How Can Google Autosuggest Enhance Your SEO Efforts

So we’ve covered what predictive search is, and how Google autocomplete likely works behind the scenes.

Now let’s get to the red meat. How can you leverage predictive search to enhance your own SEO efforts?

Generating keyword ideas (especially long-tail)

You’ll notice an interesting trend if you’re a regular reader.

Each guide I put together, starts with a section calling out the necessity of solid keyword research.

That’s because it’s still the backbone of any successful SEO campaign. It’s just true!

I’d highly recommend you read the guide linked above if you haven’t already, but here’s a quick overview for those of you short on time.

Head terms (high-volume, single word keywords) are likely taken by big competitors, and they often don’t feature searcher intent anyways.

Long-tail keywords are going to be your bread and butter. They fill in content gaps and generate endless high-converting content ideas.

Here’s the thing about Google Autocomplete: your keyword research won’t end with it. But it will unlock the secret vault of high-converting, long-tail keywords.

Think of Google predictive search as a sidebar to your keyword research efforts.

Since Autosuggest gives credence to keyword popularity, that means that you’ll get an in-depth look at what’s trending with every Google search.

Pro tip: don’t forget to sign out of your Google account first to get an unbiased look at long-tail keywords.

Understanding searcher intent

For content to succeed, it needs to satisfy the searcher’s intent.

The very essence of an effective SEO strategy lies in understanding a target audience’s intent, and how you can best help those users achieve their goals.

Easier said than done. I know, I know.

Keywords often overlap various stages of user intent and it’s hard to untangle the underlying intent without the context.

For an example, let’s look at the keyword “cranberries”.

When someone types this into Google, they could be looking for any number of things.

  • Pictures of cranberries
  • Recipes that use cranberries
  • The band most notable for their fame in the 90’s

Even two similar-looking search terms can imply completely different intent.

But guessing intent without seeing some context can be pretty tough, as you might imagine.

Thank goodness for autocomplete!

One glance at the recommended autocomplete suggestions can give you a pretty good idea what’s inside people’s minds when they’re typing in any given keyword.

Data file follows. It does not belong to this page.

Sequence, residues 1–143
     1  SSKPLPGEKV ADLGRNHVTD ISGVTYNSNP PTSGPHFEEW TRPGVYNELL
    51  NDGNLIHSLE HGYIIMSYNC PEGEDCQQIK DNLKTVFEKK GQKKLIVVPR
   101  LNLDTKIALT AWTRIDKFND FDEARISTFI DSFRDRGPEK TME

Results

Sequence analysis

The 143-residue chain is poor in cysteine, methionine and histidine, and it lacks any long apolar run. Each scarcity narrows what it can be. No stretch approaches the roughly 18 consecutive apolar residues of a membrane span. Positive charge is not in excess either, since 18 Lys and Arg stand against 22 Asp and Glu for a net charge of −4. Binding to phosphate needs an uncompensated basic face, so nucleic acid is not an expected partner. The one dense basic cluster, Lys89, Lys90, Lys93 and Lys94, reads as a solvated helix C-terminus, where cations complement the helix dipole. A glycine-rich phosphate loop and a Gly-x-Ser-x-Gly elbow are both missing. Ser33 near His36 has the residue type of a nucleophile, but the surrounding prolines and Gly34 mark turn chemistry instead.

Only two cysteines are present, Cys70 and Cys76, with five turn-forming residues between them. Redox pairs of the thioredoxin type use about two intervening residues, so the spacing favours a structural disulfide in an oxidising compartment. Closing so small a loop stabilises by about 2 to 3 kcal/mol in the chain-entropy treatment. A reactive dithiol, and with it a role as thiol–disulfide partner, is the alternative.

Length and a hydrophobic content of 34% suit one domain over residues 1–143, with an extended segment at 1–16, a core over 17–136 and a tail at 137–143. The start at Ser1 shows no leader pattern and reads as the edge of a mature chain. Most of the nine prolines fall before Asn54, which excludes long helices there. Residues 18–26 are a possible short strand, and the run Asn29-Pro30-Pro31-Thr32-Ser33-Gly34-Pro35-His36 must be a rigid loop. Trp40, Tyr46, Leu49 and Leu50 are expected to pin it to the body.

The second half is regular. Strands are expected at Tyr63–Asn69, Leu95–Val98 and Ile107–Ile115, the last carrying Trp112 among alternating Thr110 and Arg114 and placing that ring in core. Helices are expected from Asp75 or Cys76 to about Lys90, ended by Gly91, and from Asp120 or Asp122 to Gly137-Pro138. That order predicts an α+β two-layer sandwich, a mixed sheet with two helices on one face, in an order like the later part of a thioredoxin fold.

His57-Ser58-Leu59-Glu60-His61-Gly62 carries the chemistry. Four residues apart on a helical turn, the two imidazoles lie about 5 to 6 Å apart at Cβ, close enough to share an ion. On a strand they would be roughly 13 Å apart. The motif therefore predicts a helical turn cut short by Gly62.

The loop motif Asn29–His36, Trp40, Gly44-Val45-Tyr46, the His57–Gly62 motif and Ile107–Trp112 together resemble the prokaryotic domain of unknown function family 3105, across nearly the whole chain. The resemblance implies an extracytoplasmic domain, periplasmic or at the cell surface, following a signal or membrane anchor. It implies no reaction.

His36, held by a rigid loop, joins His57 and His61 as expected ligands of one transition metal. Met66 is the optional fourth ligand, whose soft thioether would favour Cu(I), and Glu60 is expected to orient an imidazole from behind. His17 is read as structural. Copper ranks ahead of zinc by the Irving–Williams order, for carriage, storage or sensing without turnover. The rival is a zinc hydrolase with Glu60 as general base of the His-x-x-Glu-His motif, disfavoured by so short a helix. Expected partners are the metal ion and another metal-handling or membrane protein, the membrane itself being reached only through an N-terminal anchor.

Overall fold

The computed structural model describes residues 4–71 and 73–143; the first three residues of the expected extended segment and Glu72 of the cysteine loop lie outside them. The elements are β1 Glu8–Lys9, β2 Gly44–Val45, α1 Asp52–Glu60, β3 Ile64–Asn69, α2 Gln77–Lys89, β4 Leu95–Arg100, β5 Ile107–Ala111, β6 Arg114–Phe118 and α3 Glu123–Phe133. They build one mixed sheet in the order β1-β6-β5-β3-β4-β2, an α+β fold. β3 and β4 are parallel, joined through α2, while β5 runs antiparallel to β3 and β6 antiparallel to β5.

Suppose we have two keywords: “toothpaste” and “best toothpaste”. They sound pretty similar, right?

Once you look at the predictive search results, you’ll see that the user intent behind these two are worlds apart.

“Toothpaste” is more of an informational query. “Best toothpaste” is a transactional query.

use autosuggest for searcher intent

You can repeat this process for any keyword you’re interested in. Afterwards you should have a better idea of whether or not the searcher intent will suit your business objectives.

Monitoring your online reputation

When anyone searches for your business online, the first thing they’ll likely see is the autocomplete suggestions.

While this can be a boon, it can also be a nightmare. If you have negative predictions popping up, they can be a major headache.

Unfortunately, it can create a bit of a rolling snowball. As more people see the negative suggestion and click on it, the more likely Google is to give it credence.

Take, for example, Gillette.

negative search suggestion

Oof. Not a position any business owner wants to be in.

We all know that branding is a critical component of any business. Furthermore, you can see now that it can even affect your SEO efforts.

So how can you avoid the trap of negative suggestions?

Eavesdropping on social media conversations and resolving customers’ complaints quickly is usually enough to secure your brand reputation most of the time.

But with that being said, life isn’t always fair. You may still find yourself facing autocomplete suggestions like “[your brand] lawsuit” or “[your brand] scam”.

It can be hard to get ahead of these, but being aware of them brewing can often help you resolve the issue outside of Google, leading to that suggestion dwindling away.

If all of that fails, you may need to try and “outrank” the negative suggestions. But that can be difficult, and require some hackish solutions.

End of the day, I am a big advocate of “an ounce of prevention is worth a pound of cure”.

Building your brand reputation by being an overall awesome brand always pays serious dividends.

Conclusion

Google predictive search has long been a useful tool for marketers, it just takes a bit of understanding to know how to leverage it to your benefit.

It’s also good for some laughs on your next lunch break.

I hope the advice above was useful to you, and you’re able to better navigate the SEO landscape with the help of autocomplete suggestions.

Avatar
Marketing jack-of-all-trades, ascendant wordsmith, and self-proclaimed World’s Best Dog Dad. I write about SEO, social media and content marketing.
Categories: SEO |